Weatherford v. Bursey, 429 U.S. 545 (1977)
U.S. Supreme CourtWeatherford v. Bursey, 429 U.S. 545 (1977)
Weatherford v. Bursey
Argued December 7, 1976
Decided February 22, 1977
429 U.S. 545
Respondent and petitioner Weatherford (hereinafter petitioner), an undercover agent, were arrested for a state criminal offense, each thereafter retaining separate counsel. Petitioner had two pretrial meetings with respondent and respondent's counsel, who had sought petitioner's presence for the purpose of securing information or suggestions as to respondent's defense. Petitioner had no discussions concerning respondent's trial strategy or the pending criminal action either with his superiors or with the prosecution. Petitioner (who had told respondent he would not be a prosecution witness) testified for the prosecution, which, on the morning of the trial, decided to call petitioner as a witness because he had been seen in the company of police officers, and had thus lost effectiveness as an undercover agent. Respondent was convicted. After he had served his sentence, he brought this action against petitioner under 42 U.S.C. § 1983, alleging that petitioner's participation in the two meetings had deprived respondent of the effective assistance of counsel in violation of the Sixth and Fourteenth Amendments as well as his right to a fair trial guaranteed by the Due Process Clause of the Fourteenth Amendment. The District Court found for petitioner. The Court of Appeals, without disturbing the District Court's factual findings, reversed, concluding that
"whenever the prosecution knowingly arranges or permits intrusion into the attorney-client relationship, the right to counsel is sufficiently endangered to require reversal and a new trial,"
and that the concealment of petitioner's undercover status lulled respondent into a false sense of security, interfering with his trial preparations and denying him due process of law under Brady v. Maryland, 373 U. S. 83.
1. Respondent was not deprived of his right to counsel under the Sixth Amendment, which does not establish a per se rule forbidding an undercover agent to meet with a defendant's counsel. Black v. United States, 385 U. S. 26; O'Brien v. United States, 386 U. S. 345; Hoffa v. United States, 385 U. S. 293, distinguished. Pp. 429 U. S. 550-559.
(a) As long as the information possessed by petitioner about the two meetings remained uncommunicated, he posed no threat to respondent's Sixth Amendment rights. Pp. 429 U. S. 554-557.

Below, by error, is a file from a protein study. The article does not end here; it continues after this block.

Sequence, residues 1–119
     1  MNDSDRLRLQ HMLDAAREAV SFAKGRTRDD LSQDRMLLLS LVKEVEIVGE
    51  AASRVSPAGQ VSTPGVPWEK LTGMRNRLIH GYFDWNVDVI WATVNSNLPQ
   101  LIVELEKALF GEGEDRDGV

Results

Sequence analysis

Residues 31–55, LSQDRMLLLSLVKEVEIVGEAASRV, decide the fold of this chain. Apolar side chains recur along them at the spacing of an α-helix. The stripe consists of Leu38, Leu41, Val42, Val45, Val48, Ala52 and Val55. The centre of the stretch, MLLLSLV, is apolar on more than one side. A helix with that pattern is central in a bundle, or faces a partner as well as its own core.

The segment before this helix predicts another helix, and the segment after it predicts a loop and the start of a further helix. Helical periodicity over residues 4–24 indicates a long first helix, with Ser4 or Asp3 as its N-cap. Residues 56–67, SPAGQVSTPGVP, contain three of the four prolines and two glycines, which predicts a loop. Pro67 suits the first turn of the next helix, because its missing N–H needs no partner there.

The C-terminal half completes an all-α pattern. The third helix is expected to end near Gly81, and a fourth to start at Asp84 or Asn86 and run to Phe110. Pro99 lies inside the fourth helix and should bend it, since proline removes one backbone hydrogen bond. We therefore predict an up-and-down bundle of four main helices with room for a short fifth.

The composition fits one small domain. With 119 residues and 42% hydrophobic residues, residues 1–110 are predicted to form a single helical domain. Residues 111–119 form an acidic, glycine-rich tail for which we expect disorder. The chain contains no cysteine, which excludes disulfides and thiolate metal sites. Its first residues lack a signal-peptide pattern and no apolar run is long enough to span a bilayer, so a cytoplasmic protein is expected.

(b) Petitioner went to the meetings not to spy, but because he was asked by respondent and his counsel and because the State was interested in maintaining petitioner's status as an informant and not arousing respondent's suspicions. Adoption of the Court of Appeals' per se rule would, for all practical purposes, have required petitioner to unmask himself. Pp. 429 U. S. 557-558.
2. The Due Process Clause does not require that the prosecution must reveal before trial the names of undercover agents or other witnesses who will testify unfavorably to the defense. Pp. 429 U. S. 559-561.
(a) There is no constitutional right to discovery in a criminal case, and Brady, supra, did not create one. P. 429 U. S. 559.
(b) That petitioner not only concealed his identity but represented that he would not be a prosecution witness did not deny respondent a right to a fair trial. The misrepresentation was not deliberate, and there is no constitutional difference between the surprise testimony of an informer who is not suspected and therefore is not asked about testifying for the prosecution and the informer who, like petitioner, is asked by the defendant but denies that he will testify. P. 429 U. S. 560.
(c) Though the Court of Appeals also suggested that petitioner' continued duplicity denied respondent the opportunity to plea bargain, there is no constitutional right to plea bargain. Pp. 429 U. S. 560-561.
528 F.2d 483, reversed.
WHITE, J., delivered the opinion of the Court, in which BURGER, C.J., and STEWART, BLACKMUN, POWELL, REHNQUIST, and STEVENS, JJ., joined. MARSHALL, J., filed a dissenting opinion, in which BRENNAN, J., joined, post, p. 429 U. S. 561.